Introduction . Resection and strictureplasty are used to treat patients with obstructive Crohn’s disease. Strictureplasty is preferable in adults as it retains bowel length. This study aims to identify differences in outcomes of children undergoing strictureplasty and resection for obstructive Crohn’s disease. Method. Patients under 20 years undergoing surgery over a nine-year period were included. Data was collected on procedures for stenotic Crohn’s disease. Patients were divided into 2 groups: Group 1 treated with strictureplasties and Group 2 resections. Postoperative complications and recurrence rates were recorded. Kaplan-Meier method was used to analyze the data. Results . Twenty-six patients and 40 operations were identified. Mean age was 15.6 years (7.2–19.4) with equal numbers of males and females. Mean follow-up was 45.9 months (0.1–149.9). 20/40 procedures involved the terminal ileum; 9/40, the ileocolic junction; 8/40, the upper GI tract; and 3/40, the colon. Group 1 consisted of 19 strictureplasties and Group 2 consisted of 13 resections and 8 combined procedures. Significantly more patients in Group 1 required further surgery (11/19 versus 3/21; P=0.008 ). Conclusion . Allowing for variations in disease duration, severity, and previous medical management, these data suggest that resection is preferable to strictureplasty in treating obstructive Crohn’s disease in children and adolescents.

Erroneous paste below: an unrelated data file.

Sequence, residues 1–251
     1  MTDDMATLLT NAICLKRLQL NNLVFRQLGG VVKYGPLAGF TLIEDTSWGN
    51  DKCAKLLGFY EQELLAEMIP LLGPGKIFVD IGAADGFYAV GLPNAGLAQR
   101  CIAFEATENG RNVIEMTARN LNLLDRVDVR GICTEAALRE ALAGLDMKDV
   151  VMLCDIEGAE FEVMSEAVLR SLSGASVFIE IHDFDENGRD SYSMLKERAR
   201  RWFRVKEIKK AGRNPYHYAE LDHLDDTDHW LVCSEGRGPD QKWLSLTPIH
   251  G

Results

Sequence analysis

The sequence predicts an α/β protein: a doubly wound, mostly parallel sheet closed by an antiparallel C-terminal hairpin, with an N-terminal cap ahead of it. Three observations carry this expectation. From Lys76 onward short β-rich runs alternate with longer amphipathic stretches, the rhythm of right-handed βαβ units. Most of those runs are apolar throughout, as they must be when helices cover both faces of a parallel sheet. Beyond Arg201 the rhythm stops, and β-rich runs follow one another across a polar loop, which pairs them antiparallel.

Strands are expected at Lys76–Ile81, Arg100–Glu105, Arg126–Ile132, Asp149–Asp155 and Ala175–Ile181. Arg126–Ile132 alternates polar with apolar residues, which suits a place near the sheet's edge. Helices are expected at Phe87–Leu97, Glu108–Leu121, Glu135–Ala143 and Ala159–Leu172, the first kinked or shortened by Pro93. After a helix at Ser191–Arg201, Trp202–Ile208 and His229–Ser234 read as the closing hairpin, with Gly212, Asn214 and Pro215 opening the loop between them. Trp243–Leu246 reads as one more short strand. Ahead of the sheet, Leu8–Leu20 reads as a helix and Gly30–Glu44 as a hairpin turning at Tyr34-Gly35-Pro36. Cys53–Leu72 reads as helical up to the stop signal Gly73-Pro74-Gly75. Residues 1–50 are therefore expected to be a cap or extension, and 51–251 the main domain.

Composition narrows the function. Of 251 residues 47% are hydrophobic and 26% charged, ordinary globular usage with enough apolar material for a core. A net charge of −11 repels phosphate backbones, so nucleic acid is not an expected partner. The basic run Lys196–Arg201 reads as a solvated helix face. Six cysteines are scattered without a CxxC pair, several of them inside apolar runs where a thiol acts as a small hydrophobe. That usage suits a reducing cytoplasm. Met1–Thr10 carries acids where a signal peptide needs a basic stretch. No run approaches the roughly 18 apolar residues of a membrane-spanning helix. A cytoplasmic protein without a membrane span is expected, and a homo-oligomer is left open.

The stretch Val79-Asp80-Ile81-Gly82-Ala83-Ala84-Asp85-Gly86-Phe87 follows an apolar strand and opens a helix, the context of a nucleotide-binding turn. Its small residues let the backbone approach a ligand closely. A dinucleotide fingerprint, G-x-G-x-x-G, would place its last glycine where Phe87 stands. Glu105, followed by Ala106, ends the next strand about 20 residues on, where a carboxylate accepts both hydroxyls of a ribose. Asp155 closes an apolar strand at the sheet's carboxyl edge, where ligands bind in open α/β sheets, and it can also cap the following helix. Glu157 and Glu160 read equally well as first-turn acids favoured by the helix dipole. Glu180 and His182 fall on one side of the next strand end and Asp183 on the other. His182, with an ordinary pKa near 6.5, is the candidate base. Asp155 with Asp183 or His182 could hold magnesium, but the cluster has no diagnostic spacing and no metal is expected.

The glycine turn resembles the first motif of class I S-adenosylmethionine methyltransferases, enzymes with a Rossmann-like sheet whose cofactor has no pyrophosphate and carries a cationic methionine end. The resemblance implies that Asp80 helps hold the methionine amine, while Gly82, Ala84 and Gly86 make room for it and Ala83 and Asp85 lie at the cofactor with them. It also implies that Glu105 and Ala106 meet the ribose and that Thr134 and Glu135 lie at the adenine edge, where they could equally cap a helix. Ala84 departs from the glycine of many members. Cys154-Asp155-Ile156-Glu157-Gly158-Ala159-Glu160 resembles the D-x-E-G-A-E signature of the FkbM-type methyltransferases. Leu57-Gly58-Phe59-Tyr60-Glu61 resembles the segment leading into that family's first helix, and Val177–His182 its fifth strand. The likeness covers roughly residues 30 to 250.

Bamford, R., Hay, A., & Kumar, D. (2014). Resection Leads to Less Recurrence Than Strictureplasty in a Paediatric Population with Obstructive Crohn’s Disease. Surgery Research and Practice, 2014, 1–5. https://doi.org/10.1155/2014/709045